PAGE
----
Mugabe’s Daughter gets SECOND Board Appointment in a Week’

Harare – President Robert Mugabe‘s only daughter Bona has just been named to the board of a new bank in her second high-profile appointment in a week, according to a report.

Twenty-seven-year-old Bona’s appointment to Zimbabwe’s unpopular Censorship Board earlier this week sparked outrage.

Rise and rise

Now the Zimbabwe Independent says the president’s daughter has just been named as a board member of the new state-run Empower Bank. The claim could not be independently verified.

But many on social media see it as yet more evidence of Bona’s rise and rise – just as her 93-year-old father gets increasingly frail.

Mugabe’s nephew Patrick Zhuwao (who is also the minister of indigenisation) said Bona and two other young officials had been appointed to the Empower Bank board “not only for their skills, but as part of the ministry’s policy to promote youth”, the Independent reported in its latest edition.

Masters in banking

Bona is in fact better qualified to sit on the board of a bank than on the board of a censorship body: she does at least have a Masters in banking and finance from SingaporeBut there is no record of her having actually worked at a bank post-graduation.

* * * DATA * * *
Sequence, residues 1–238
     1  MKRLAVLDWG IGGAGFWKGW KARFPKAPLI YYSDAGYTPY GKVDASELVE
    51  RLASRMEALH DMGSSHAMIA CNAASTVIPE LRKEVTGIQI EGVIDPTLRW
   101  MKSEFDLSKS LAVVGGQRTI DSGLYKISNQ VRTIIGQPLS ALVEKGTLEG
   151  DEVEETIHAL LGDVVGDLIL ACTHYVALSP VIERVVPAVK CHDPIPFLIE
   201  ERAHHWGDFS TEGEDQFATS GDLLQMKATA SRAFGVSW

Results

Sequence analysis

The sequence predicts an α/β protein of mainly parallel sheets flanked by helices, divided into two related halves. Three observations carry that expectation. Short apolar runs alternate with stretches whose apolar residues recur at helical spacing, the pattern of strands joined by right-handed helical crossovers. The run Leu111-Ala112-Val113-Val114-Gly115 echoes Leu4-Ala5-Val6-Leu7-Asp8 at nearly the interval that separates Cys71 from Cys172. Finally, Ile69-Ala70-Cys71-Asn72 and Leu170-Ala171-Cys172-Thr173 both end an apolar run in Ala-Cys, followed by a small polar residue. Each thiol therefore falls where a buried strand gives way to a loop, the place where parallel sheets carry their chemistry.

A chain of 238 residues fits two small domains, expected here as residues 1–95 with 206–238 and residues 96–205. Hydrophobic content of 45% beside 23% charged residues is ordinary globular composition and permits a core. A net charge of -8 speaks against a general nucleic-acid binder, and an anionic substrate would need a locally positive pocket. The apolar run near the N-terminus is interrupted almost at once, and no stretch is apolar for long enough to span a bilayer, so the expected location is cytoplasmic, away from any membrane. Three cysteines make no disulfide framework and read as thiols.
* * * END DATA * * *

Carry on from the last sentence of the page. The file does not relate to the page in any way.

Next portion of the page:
Building a dynasty

With the Zimbabwe president still unwilling to name a successor despite his age, there’s increasing speculation the father-of-three may be trying to build a dynasty to ensure his family’s continued financial and political survival when he dies. Analyst Derek Matyszak told an Institute for Security Studies seminar in Pretoria this week that First Lady Grace Mugabe had worries about her future and might be elevated to cabinet – a prediction that is not new in Zimbabwe.


Reaction on social media to news of Bona’s latest appointment was swift – and mostly critical. Tweeted @tanatawa: “The dairy business has failed, they are now after state money, no shame at all!” Harare-based @TungiMu said: “This shouldn’t be a shock to anyone. She’s going to be on over a dozen boards before this year is out.”

But there were also questions on how the cash-strapped Zimbabwe government was going to find funds for the new bank. Tweeted @Ricky27_263: “State bank with what money?”

At least eight banking institutions collapsed in Zimbabwe between 2009 and 2015, an article by Zimbabwe Independent claimed in 2015